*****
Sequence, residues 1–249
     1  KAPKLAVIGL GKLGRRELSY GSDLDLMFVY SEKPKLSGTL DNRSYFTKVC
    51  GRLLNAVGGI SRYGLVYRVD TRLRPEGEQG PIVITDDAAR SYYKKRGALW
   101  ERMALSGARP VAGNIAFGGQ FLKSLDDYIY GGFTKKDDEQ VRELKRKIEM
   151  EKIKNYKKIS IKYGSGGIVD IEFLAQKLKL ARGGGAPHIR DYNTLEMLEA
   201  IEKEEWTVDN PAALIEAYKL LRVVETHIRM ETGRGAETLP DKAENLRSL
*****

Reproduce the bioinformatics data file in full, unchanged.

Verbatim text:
Sequence, residues 1–249
     1  KAPKLAVIGL GKLGRRELSY GSDLDLMFVY SEKPKLSGTL DNRSYFTKVC
    51  GRLLNAVGGI SRYGLVYRVD TRLRPEGEQG PIVITDDAAR SYYKKRGALW
   101  ERMALSGARP VAGNIAFGGQ FLKSLDDYIY GGFTKKDDEQ VRELKRKIEM
   151  EKIKNYKKIS IKYGSGGIVD IEFLAQKLKL ARGGGAPHIR DYNTLEMLEA
   201  IEKEEWTVDN PAALIEAYKL LRVVETHIRM ETGRGAETLP DKAENLRSL